For many CIOs, implementing their company's wide area networks with broadband -- the superfast data transmission service available from DSL and cable Internet technology -- would be cheaper and less complicated than laying a dedicated T1 or T3 pipe. Neither high-speed service is available nationwide in the US, however, forcing CIOs with offices in non-urban locales to either pay through the nose or ignore users' requests for faster access. Now, after years of debating whether the government should help the infrastructure along, lawmakers and the White House finally agree there should be a national policy to promote broadband service. But they can't agree on how to do it.
A House bill by Rep. William Tauzin (R-La.), chairman of the U.S. House Energy and Commerce Committee, and Rep. John Dingell (D-Mich.), the panel's top Democrat, would end most regulation of the telecommunications and cable industries in exchange for deploying broadband nationwide by 2007. That bill passed the House last year and is favored by major U.S. telecommunications and cable companies.
In the U.S. Senate, Sen. Ernest Hollings (D-S.C.), chairman of the Commerce and Science Committee, would rather give tax credits to the cable and telecom companies that expand their broadband coverage. Most independent Internet service providers, which contend any deregulation will create new cable and telecommunications monopolies, prefer Hollings's approach.
Stepping into the breach is TechNet, a lobbyist for such heavyweight technology companies as 3Com, Cisco and Microsoft. TechNet wants both deregulation and tax breaks -- and has President Bush's ear. Bush told technology executives in June that if Congress can't agree, he'll push the Federal Communications Commission's plan, which -- surprise, surprise -- reflects TechNet's agenda.
Because TechNet also has lots of support among Democrats, its proposals have a good chance to prevail. Any action would be good news for CIOs, for whom faster, cheaper Internet access would become less of a pipe dream.
Don't Hold Your Breath for Wireless
HERE'S ANOTHER REASON to move cautiously when deploying wide area wireless applications: There isn't enough bandwidth for cheap, reliable wireless data services. So says David Hoover, an analyst who covers wireless for the Washington, D.C.-based Precursor Group. And there isn't likely to be enough until the government provides the nation's wireless carriers with additional frequencies they can use to offer these services.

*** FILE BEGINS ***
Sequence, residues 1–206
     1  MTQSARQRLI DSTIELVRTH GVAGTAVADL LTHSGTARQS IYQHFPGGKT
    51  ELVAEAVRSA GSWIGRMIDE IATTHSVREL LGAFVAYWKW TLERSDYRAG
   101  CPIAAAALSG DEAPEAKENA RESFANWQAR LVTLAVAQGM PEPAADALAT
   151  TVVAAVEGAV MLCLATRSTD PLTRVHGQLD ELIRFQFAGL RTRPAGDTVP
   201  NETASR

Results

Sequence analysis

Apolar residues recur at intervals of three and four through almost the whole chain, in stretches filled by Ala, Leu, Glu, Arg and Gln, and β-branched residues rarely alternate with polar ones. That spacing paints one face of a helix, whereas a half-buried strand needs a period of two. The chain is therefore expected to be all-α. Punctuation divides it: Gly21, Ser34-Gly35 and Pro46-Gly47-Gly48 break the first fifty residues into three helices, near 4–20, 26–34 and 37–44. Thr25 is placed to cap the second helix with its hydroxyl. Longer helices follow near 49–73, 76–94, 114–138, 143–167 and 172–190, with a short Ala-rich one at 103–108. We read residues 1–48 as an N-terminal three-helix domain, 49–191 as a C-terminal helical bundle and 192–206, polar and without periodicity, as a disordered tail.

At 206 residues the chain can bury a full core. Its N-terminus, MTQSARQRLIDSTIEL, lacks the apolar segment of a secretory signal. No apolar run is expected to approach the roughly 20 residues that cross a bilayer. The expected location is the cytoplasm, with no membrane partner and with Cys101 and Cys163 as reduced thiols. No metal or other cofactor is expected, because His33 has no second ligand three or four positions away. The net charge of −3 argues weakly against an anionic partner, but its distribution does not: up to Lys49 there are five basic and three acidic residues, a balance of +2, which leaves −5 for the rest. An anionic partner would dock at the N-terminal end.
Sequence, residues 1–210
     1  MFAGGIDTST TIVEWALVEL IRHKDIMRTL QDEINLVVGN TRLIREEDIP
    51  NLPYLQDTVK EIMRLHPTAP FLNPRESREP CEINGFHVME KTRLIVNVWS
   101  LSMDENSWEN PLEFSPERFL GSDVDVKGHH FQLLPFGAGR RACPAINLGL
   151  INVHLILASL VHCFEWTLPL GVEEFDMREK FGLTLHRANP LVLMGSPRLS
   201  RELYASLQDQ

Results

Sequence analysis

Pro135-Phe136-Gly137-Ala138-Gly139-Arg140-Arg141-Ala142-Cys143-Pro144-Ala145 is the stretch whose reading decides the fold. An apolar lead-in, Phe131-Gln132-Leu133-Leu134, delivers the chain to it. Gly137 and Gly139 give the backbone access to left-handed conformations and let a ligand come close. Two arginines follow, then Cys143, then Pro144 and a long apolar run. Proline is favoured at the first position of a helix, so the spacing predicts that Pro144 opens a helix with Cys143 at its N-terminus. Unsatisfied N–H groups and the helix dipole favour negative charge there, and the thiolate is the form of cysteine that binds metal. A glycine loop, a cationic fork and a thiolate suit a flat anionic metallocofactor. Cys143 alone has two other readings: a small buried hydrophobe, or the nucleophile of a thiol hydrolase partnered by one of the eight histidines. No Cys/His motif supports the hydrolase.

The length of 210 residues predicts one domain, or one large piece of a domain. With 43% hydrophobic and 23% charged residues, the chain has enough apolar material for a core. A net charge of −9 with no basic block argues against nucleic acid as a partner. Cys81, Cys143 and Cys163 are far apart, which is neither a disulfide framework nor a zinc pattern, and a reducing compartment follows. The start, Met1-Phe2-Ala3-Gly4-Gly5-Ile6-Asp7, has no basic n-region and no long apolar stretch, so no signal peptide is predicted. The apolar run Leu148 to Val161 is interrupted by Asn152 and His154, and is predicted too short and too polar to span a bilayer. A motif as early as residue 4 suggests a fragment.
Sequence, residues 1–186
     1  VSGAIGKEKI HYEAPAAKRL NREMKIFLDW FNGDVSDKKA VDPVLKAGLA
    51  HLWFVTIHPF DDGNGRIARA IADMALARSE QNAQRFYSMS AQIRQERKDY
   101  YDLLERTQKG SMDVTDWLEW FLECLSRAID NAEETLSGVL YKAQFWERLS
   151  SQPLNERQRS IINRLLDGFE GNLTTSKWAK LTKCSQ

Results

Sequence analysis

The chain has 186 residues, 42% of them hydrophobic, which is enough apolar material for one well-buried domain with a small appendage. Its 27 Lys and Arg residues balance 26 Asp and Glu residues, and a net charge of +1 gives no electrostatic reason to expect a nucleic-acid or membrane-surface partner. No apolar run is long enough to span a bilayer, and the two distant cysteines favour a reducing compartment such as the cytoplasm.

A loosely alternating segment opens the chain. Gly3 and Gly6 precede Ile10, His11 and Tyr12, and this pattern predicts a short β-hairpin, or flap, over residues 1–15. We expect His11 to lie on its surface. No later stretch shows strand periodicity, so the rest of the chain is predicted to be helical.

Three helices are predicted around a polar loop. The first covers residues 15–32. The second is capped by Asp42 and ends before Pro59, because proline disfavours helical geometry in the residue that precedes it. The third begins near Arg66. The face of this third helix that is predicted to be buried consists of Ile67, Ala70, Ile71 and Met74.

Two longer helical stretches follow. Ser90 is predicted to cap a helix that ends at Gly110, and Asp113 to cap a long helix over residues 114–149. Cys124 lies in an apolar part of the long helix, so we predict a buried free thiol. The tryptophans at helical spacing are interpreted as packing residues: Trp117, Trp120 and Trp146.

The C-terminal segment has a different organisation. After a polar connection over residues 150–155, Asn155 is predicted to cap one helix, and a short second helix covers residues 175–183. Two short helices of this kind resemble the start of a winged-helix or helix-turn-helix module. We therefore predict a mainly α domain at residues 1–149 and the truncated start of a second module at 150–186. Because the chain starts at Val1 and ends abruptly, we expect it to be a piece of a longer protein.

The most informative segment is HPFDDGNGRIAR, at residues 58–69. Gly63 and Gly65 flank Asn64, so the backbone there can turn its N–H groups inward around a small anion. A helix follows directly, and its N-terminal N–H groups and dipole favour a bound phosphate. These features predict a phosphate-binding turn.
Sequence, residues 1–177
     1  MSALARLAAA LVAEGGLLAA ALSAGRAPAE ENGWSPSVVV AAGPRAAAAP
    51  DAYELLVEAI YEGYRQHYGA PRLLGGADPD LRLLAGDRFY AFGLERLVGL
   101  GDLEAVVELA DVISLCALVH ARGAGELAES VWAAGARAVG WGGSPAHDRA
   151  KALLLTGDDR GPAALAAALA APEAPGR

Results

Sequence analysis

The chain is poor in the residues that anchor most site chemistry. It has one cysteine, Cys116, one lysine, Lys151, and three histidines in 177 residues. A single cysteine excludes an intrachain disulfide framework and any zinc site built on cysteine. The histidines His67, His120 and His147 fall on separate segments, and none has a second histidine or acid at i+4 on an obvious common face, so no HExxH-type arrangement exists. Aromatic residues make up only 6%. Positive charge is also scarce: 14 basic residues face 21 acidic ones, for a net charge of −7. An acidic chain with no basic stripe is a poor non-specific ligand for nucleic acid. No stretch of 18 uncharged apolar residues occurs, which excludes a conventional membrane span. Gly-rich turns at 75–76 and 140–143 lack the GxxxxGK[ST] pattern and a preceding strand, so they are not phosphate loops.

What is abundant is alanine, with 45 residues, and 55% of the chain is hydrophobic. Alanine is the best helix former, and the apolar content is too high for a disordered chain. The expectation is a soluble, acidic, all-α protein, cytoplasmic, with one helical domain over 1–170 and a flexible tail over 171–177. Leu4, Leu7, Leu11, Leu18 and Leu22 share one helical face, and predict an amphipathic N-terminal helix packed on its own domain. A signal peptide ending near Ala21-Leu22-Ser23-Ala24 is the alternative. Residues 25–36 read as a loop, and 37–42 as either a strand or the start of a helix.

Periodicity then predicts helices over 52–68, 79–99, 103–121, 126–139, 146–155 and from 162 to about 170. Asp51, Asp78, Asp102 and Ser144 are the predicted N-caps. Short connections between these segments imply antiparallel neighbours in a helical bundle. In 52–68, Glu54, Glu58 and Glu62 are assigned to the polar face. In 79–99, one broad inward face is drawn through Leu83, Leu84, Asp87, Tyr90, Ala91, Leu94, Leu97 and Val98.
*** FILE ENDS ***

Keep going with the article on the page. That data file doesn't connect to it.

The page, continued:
But thanks to a last minute act of Congress in June, the major wireless carriers won postponement of the Federal Communications Commission's June 19 auction of broadcast frequency spectrums. The carriers didn't want to bid on the frequencies up for auction because they're still being used by television stations. The conversion of TV stations to high-definition digital technology -- which was supposed to be complete by 2006 -- is years behind schedule. "It is hard to do business if you have to pay $2 billion for a spectrum [license] and then negotiate to get a squatter out," says Kimberly Kuo of the Washington, D.C.-based Cellular Telecommunications and Internet Association.
The postponement spared the FCC the embarrassment of an unattended auction but more important gave the agency license to decide how to get lots of small, independent television stations to invest in digital technology. It's not clear how quickly the FCC will take action. Sen. Ted Stevens (R-Ala.) won a provision in the bill that rescheduled the auction for September, but there's little evidence that a solution can be found that quickly.
Until one is, companies (particularly those with a mobile workforce) lose. Wireless carriers will keep prices for data services high, and without adequate network capacity, exchanging data is at best a risky proposition.
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